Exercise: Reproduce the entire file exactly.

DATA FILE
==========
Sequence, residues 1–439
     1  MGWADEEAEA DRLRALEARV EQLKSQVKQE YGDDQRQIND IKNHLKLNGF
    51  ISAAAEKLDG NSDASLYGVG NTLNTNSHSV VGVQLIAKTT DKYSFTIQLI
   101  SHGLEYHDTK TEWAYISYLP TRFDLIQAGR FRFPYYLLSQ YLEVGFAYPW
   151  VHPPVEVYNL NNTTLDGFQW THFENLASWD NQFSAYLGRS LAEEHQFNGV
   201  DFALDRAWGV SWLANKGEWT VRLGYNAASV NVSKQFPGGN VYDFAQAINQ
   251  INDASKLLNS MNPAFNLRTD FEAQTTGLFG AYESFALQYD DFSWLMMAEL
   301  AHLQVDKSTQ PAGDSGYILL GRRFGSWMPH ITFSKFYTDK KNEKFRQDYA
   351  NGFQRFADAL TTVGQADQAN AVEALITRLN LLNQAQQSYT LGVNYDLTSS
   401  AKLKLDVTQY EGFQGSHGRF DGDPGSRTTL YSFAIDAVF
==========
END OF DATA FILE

Sequence, residues 1–439
     1  MGWADEEAEA DRLRALEARV EQLKSQVKQE YGDDQRQIND IKNHLKLNGF
    51  ISAAAEKLDG NSDASLYGVG NTLNTNSHSV VGVQLIAKTT DKYSFTIQLI
   101  SHGLEYHDTK TEWAYISYLP TRFDLIQAGR FRFPYYLLSQ YLEVGFAYPW
   151  VHPPVEVYNL NNTTLDGFQW THFENLASWD NQFSAYLGRS LAEEHQFNGV
   201  DFALDRAWGV SWLANKGEWT VRLGYNAASV NVSKQFPGGN VYDFAQAINQ
   251  INDASKLLNS MNPAFNLRTD FEAQTTGLFG AYESFALQYD DFSWLMMAEL
   301  AHLQVDKSTQ PAGDSGYILL GRRFGSWMPH ITFSKFYTDK KNEKFRQDYA
   351  NGFQRFADAL TTVGQADQAN AVEALITRLN LLNQAQQSYT LGVNYDLTSS
   401  AKLKLDVTQY EGFQGSHGRF DGDPGSRTTL YSFAIDAVF